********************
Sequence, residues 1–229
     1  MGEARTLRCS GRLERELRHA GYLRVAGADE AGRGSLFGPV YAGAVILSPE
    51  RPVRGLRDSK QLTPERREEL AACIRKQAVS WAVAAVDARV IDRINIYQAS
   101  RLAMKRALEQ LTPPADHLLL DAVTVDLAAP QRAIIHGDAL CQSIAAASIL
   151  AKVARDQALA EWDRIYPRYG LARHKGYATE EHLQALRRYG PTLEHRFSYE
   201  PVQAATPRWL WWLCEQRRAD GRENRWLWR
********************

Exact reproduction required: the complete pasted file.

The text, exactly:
Sequence, residues 1–229
     1  MGEARTLRCS GRLERELRHA GYLRVAGADE AGRGSLFGPV YAGAVILSPE
    51  RPVRGLRDSK QLTPERREEL AACIRKQAVS WAVAAVDARV IDRINIYQAS
   101  RLAMKRALEQ LTPPADHLLL DAVTVDLAAP QRAIIHGDAL CQSIAAASIL
   151  AKVARDQALA EWDRIYPRYG LARHKGYATE EHLQALRRYG PTLEHRFSYE
   201  PVQAATPRWL WWLCEQRRAD GRENRWLWR